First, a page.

This land on which this house was built was owned by the Jackson family from 1695 to 1800. Evidence suggests the house was built just before 1800 to replace another house that had been on the site.

Like the Abbott, Shapiro and Rider-Wood houses farther down Jefferson Street, the Jackson House has a center chimney, small lobby entrance and a winding stair flanked by two rooms down and two rooms upstairs. Scars on the back wall show where an ell was once attached. Another ell was apparently intended for the north side of the house as an unused rear fire-box in the original chimney stack and structural framing for a doorway were found under the original sheathing when the museum began sill repairs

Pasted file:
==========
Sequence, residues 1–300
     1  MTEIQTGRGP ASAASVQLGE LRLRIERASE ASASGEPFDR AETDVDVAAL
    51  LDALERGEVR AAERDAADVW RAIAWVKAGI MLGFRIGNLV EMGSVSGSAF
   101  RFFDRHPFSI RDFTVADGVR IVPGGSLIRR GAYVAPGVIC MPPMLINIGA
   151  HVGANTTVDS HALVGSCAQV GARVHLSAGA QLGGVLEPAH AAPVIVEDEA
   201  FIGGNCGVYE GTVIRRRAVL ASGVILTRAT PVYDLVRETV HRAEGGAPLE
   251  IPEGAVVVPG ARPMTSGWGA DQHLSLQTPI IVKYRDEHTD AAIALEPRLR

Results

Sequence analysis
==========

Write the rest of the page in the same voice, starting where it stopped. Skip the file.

House Design and Construction Over Time

This small house is preserved without restoration to teach about the nature of the evidence of change in architecture and decoration, and the process of research. The museum has determined the probable sequence of alteration and redecoration in the structure, then “frozen” it for visitors to inspect. Exhibit panels throughout the house provide the history of the owners, residents and their neighborhood throughout the occupancy of this house into the mid-1900s.